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COMMENCEMENT 2004

U.S. Must Not Become 'a Fearful Giant'

June 13, 2004

SPRING is a time of celebration for graduates of the nation's colleges. It is also a time for speeches. National security advisor Condoleezza Rice, former President Clinton, President Bush and financier George Soros were among those offering advice to this year's crop of graduates. What follows are excerpts from their remarks. In the interest of readability, we haven't indicated where material has been omitted, but we have provided website addresses for full texts of the speeches after each excerpt.

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George Soros

Columbia University, School of International & Public Affairs, May 17

You are about to enter the real world. But the real world is a very troubled place, and international relations are at the core of our troubles. So it may be appropriate to pause for a moment and reflect on the world you are about to face.

Why are we in trouble? Let me focus on the feature that looms so large in the current landscape -- the war on terror. Sept. 11 was a traumatic event that shook the nation to its core. But it could not have changed the course of history for the worse if President Bush had not responded the way he did. Declaring war on terrorism was understandable, perhaps even appropriate, as a figure of speech. But the president meant it literally, and that is when things started going seriously wrong.

It is not a popular thing to say, but the fact is that we are victims who have turned into perpetrators. The terrorist attacks on Sept. 11 claimed nearly 3,000 innocent lives, and the whole world felt sympathy for us as the victims of an atrocity. Then the president declared war on terrorism and pursued it first in Afghanistan and then in Iraq. Since then, the war on terror has claimed more innocent victims than the terrorist attacks on Sept. 11. This fact is not recognized at home because the victims of the war on terror are not Americans. But the rest of the world does not draw the same distinction, and world opinion has turned against us.

I would dearly love to pin all the blame on President Bush and his team. But that would be too easy. It would ignore the fact that he was playing to a receptive audience, and even today, after all that has happened, a majority of the electorate continues to have confidence in President Bush on national security matters. If this continues and President Bush gets reelected, we must ask ourselves the question: "What is wrong with us?" The question needs to be asked even if he is defeated because we cannot simply ignore what we have done since Sept. 11.

We need to engage in some serious soul-searching. The terrorists seem to have hit upon a weak point in our collective psyche. They have made us fearful. And for reasons of its own, the Bush administration has found it advantageous to foster the fear that Sept. 11 engendered. By declaring war on terror, the president could unite the country behind him. But a fearful giant that lashes out against unseen enemies is the very definition of a bully, and that is what we are in danger of becoming. If there is a single lesson to be learned from our experience since Sept. 11, it is that you mustn't fight terror by creating new victims.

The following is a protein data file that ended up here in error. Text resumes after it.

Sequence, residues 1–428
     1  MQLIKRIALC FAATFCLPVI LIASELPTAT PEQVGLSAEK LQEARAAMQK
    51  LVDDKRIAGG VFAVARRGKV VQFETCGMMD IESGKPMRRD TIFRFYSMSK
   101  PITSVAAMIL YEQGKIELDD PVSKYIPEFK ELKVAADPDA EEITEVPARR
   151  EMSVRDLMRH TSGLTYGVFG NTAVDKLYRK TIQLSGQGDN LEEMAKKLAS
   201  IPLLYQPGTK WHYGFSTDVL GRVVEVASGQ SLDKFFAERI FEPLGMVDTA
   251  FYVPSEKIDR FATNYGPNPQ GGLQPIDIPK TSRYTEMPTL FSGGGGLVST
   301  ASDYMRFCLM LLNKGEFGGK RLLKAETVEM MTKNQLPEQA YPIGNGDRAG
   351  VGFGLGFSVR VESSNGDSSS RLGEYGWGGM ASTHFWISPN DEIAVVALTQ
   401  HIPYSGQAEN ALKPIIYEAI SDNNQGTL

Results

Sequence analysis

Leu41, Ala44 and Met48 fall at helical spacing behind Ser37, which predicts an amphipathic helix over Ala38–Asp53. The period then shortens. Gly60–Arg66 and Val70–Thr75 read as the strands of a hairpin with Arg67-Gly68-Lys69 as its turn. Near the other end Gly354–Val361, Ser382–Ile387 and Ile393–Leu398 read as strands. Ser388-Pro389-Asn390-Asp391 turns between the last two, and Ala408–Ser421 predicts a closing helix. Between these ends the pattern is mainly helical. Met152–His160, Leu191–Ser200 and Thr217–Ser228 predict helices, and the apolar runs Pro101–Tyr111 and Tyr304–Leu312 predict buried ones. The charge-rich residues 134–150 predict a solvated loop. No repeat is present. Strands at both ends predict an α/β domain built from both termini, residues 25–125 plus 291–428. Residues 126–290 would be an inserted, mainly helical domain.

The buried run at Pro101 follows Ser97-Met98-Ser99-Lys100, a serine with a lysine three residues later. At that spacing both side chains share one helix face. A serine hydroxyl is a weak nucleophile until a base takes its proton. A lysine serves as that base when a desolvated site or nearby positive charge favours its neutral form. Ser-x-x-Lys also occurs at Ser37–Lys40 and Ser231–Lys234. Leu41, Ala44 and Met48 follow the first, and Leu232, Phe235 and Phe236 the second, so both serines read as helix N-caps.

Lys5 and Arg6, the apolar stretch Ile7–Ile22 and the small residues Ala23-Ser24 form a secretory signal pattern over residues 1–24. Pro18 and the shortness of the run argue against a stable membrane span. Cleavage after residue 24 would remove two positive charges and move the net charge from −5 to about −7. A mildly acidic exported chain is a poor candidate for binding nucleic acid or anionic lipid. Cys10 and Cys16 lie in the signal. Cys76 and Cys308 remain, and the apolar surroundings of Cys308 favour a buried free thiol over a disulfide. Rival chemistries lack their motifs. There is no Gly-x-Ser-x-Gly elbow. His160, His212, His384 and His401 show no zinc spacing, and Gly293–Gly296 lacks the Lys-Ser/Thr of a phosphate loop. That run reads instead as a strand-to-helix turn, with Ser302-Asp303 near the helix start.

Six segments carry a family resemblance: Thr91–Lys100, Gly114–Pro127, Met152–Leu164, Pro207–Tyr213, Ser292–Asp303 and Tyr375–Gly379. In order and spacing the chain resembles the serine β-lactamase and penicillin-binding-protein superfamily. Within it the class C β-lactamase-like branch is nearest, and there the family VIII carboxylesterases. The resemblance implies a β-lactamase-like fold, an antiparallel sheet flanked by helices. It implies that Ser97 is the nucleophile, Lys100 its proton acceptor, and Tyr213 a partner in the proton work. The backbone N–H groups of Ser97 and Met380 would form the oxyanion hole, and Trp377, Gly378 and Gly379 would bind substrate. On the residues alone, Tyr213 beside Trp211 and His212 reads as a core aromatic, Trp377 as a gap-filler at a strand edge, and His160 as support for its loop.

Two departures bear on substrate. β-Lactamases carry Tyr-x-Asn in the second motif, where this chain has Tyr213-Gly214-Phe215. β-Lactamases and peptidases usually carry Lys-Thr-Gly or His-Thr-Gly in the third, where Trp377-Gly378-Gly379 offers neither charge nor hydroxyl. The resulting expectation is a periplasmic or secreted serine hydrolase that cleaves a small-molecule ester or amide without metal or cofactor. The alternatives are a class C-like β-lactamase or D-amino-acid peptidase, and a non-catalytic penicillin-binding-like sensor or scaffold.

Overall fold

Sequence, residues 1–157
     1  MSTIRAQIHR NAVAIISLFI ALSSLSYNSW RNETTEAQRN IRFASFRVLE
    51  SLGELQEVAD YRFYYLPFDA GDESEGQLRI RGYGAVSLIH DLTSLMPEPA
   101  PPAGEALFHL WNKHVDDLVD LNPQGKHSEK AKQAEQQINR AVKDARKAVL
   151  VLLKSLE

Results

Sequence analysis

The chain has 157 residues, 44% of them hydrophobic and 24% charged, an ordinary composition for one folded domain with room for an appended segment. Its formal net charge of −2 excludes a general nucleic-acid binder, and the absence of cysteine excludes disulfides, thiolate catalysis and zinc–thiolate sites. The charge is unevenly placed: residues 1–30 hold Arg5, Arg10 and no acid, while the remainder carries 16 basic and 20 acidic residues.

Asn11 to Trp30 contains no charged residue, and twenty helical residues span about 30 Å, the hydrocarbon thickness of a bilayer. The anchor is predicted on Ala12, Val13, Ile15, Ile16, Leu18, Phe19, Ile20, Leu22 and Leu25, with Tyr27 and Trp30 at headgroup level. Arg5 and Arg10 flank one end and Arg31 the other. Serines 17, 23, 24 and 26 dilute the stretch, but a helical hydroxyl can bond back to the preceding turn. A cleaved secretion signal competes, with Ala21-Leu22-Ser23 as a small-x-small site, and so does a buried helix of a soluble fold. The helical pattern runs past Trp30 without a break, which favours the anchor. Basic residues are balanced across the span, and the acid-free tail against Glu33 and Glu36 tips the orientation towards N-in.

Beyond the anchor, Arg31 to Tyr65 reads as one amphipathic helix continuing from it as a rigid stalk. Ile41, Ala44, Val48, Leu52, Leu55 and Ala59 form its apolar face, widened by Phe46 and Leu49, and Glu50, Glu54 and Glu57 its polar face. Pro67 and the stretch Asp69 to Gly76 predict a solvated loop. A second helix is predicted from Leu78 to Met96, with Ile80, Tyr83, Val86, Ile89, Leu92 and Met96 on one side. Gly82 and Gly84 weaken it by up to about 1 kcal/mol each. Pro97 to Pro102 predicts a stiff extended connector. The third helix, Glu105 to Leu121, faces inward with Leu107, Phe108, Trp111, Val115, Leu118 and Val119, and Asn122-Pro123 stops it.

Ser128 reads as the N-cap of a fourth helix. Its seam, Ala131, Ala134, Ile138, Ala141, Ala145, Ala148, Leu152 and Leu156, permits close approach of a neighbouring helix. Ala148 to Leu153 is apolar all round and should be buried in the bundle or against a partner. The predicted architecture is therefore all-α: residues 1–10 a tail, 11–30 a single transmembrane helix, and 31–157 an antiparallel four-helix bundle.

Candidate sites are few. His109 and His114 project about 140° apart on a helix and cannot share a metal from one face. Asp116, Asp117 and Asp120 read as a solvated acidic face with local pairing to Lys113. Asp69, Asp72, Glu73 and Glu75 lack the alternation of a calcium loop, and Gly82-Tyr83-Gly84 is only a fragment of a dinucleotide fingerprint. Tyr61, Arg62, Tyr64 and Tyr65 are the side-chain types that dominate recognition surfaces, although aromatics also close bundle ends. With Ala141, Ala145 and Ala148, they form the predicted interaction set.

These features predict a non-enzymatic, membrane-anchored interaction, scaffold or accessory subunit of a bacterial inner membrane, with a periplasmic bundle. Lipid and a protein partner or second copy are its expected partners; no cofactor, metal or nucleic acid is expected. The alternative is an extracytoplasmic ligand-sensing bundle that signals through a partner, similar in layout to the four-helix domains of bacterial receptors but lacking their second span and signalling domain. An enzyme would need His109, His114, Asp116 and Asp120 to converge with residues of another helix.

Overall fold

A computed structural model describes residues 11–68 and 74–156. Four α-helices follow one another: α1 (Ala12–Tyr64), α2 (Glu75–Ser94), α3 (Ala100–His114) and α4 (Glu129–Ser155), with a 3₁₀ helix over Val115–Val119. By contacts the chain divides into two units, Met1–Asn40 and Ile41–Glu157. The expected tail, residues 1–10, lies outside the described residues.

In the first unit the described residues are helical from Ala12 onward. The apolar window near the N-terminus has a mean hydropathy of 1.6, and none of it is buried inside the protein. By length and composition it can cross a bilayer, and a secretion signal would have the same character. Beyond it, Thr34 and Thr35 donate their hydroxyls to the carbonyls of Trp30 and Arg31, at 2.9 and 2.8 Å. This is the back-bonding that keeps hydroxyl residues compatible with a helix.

By succumbing to fear, we are doing the terrorists' bidding: We are unleashing a vicious circle of violence. If we go on like this, the war on terror need never end because the terrorists are invisible; therefore they will never disappear. If we are in a permanent state of war, we cannot remain an open society.

Being the most powerful nation gives us certain privileges, but it also imposes on us certain obligations. We are the beneficiaries of a lopsided, not to say unjust, world order. The agenda for the world is set in Washington, but only the citizens of the United States have a vote in Congress. A similar situation, when we were on the disadvantaged side, gave rise to the Boston Tea Party and the birth of the United States.

If we want to preserve our privileged position, we must use it not to lord it over the rest of the world but to concern ourselves with the well-being of others. Globalization has rendered the world increasingly interdependent, and there are many problems that require collective action. Maintaining peace, law and order, protecting the environment, reducing poverty and fighting terrorism are among them. We cannot do anything we want, but very little can be done without our leadership or at least active participation. Instead of undermining and demeaning our international institutions because they do not necessarily follow our will, we ought to strengthen them and improve them. Instead of engaging in preemptive actions of a military nature, we ought to pursue preventive actions of a constructive nature, creating a better balance between carrots and sticks in the prevailing world order.

The full text of George Soros' speech can be found at www.sipa .columbia.edu/events/graduation/ George Soros.pdf.

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